Converting the gas network to hydrogen

 Mark Crowther, Technical Director, Kiwa Gastec

Last month we reported on a two year project in Leeds to investigate how hydrogen could be used for domestic and commercial heating in place of natural gas. Mark Crowther, technical director at Kiwa Gastec, makes the case for conversion.   

(Credit: Michal Osmenda via CC)

It’s a well known fact that the Climate Change Act commits us to reducing our carbon emissions by 80 per cent of their 1990 levels by 2050. It’s a less well known fact, however, that our heating system accounts for over 30 per cent of our carbon emissions. It follows, therefore, that if we can decarbonise the heat sector, we’ll go a long way towards reaching our overall carbon reduction targets. Sounds simple? Well, it turns out that it could be just that – simple.

We’ve recently played a significant and integral role in the development of a series of reports investigating the feasibility of converting our gas transmission network from natural gas to hydrogen.

Working alongside the likes of Northern Gas Networks, KPMG and the Department of Energy and Climate Change as it was, our team at Kiwa Gastec assessed the benefits of a change to hydrogen over other low carbon forms of energy; the technical feasibility of using existing infrastructure to store and transport hydrogen; the safety implications of using the gas in a domestic setting; the practicalities of establishing a supply chain for the appliances that would ultimately use it; and investigating a viable location for piloting a physical conversion. In other words, we’ve looked at each piece of the jigsaw puzzle and have created a whole picture view of what conversion would entail.

And the conclusion of all this work? Having been involved in all aspects of the research, I can say with certainty that conversion of the heat sector to hydrogen is technically feasible.

Of course, decarbonisation of the gas network will be challenging, but thanks to our work on the H21 Leeds City Gate project, which has assessed the feasibility of replacing natural gas with hydrogen in the city, we have shown that these challenges can be overcome.

Assessing the infrastructure needed to facilitate the conversion was the first step and a relatively easy one to address. We are part way through an ongoing network upgrade, due to be completed by 2032, through which the country’s low and medium pressure distribution network is being replaced with polyethylene pipes – which, conveniently, are suitable for transporting hydrogen. Utilising the existing gas network will significantly reduce the scale and complexity of the decarbonisation challenge.

Establishing the volume of hydrogen needed and ensuring security of supply was next, and again, the solution was clear. The use of Steam Methane Reformers (SMRs) is the most viable way, both technically and economically, of supplying the large amounts of the gas required. With an existing SMR plant at Teeside, it would be feasible to scale this up to the four SMRs needed to meet the demand of a city the size of Leeds – the likely location for a pilot conversion.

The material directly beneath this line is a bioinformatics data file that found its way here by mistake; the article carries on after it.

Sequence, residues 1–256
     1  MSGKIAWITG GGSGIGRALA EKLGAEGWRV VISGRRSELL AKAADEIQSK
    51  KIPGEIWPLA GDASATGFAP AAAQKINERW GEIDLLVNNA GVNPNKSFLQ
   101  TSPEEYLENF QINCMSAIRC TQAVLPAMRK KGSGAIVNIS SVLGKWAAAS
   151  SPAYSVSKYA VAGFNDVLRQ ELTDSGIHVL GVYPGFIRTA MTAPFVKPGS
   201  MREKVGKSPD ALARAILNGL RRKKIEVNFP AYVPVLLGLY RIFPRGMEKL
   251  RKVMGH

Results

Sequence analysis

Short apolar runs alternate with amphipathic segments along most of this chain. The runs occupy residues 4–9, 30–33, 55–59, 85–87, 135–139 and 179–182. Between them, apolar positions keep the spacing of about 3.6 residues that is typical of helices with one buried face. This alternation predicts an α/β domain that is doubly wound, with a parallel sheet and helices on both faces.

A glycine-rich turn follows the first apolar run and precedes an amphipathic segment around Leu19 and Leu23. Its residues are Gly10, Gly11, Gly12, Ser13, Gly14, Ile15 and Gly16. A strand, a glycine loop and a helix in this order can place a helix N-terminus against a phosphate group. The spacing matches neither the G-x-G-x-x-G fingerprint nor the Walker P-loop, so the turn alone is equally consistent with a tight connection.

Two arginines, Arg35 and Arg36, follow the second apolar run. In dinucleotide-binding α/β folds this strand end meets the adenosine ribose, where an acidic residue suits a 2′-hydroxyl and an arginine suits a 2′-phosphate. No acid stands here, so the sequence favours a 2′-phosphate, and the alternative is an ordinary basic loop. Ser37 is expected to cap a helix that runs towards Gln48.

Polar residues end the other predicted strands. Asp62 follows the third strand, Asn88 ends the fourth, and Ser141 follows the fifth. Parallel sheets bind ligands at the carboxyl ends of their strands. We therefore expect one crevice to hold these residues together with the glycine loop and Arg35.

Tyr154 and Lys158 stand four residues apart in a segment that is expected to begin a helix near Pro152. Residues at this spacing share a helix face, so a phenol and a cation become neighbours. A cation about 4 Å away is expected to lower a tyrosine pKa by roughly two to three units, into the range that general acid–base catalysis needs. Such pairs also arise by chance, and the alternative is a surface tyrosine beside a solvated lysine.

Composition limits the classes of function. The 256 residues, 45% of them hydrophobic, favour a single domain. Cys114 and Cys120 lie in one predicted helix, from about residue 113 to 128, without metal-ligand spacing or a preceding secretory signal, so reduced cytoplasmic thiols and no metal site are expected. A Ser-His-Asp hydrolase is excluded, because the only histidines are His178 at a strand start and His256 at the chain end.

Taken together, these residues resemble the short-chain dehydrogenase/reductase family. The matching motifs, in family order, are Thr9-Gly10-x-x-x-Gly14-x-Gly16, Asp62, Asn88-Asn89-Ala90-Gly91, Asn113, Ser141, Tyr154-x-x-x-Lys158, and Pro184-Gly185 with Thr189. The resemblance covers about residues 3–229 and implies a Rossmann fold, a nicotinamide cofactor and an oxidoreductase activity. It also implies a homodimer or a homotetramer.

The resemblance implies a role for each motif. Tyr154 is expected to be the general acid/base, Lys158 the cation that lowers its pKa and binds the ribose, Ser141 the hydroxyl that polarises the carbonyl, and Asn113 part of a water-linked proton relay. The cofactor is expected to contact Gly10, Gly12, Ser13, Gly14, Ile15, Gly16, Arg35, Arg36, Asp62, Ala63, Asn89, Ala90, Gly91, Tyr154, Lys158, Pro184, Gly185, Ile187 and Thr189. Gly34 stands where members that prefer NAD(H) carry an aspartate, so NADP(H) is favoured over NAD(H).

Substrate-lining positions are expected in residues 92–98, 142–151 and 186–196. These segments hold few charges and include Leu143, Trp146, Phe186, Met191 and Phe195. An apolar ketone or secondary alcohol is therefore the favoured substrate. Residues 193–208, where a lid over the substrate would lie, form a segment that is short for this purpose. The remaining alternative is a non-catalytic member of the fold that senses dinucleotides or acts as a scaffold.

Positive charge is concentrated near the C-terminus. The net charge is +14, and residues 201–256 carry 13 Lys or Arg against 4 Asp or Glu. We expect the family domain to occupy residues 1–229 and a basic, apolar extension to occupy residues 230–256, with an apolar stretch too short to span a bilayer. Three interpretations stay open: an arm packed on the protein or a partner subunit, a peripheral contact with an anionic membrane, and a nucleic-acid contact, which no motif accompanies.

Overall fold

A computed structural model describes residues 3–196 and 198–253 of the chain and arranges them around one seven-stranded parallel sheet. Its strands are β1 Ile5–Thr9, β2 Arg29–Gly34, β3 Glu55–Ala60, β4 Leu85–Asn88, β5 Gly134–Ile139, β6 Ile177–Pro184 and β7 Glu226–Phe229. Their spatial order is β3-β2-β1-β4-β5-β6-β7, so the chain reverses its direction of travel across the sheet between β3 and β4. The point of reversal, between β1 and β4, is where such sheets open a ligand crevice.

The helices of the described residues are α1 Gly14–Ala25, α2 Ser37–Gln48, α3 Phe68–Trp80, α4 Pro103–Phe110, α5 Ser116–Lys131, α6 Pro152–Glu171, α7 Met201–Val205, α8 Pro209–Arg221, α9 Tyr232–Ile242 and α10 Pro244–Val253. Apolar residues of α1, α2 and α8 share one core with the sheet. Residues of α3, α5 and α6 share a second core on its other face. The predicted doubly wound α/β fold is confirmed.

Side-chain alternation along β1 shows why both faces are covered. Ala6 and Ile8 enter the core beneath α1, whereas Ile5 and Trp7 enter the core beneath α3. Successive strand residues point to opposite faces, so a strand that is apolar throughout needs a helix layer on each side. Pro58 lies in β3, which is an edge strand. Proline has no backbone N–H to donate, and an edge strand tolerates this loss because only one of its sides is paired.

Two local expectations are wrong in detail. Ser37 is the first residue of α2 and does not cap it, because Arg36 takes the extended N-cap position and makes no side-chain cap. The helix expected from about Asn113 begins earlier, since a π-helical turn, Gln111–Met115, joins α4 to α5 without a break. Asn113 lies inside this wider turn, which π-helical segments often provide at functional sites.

Leeds is the most likely location for a pilot conversion scheme
Leeds is the most likely location for a pilot conversion scheme

Importantly, the North East also offers a viable solution to the issue of carbon capture and storage. In the USA, SMRs are already being used alongside existing CCS technology to capture the carbon separated during the creation of hydrogen. Mirroring this process at a Teeside plant, the captured carbon could be transported via a pipeline to be stored in the gas strata under the North Sea. The Humber would also provide a suitable location for storage of hydrogen during the summer months, to help manage the variation of demand between the seasons, in the form of the underground salt caverns that exist in the area – a proven mechanism for gas storage.

A further challenge is how to carry out a conversion with minimal impact on end users. Again using Leeds as an example, we have established that it would be possible to convert approximately a third of the city each summer (when gas demand is at its lowest) for three years, causing just a few days’ disruption to householders. So another tick in the box.

The final challenge is making this a reality.

I can say with certainty that there is the will within the industry to make it happen. I know first-hand from the conversations I’ve been having that people are paying real attention to the evidence base we’ve established and they’re excited about it.

The key, therefore, is creating the certainty and incentive that is needed to get the industry to commit to the financial investment needed – and that can really only be achieved by a political decision. Government needs to demonstrate a serious commitment to this on a national scale.

If that commitment is made, and assuming that industry and government work together to make this happen, I firmly believe that hydrogen offers a high level of decarbonisation at a modest cost using a proven supply chain. In other words, it has a tremendous amount going for it.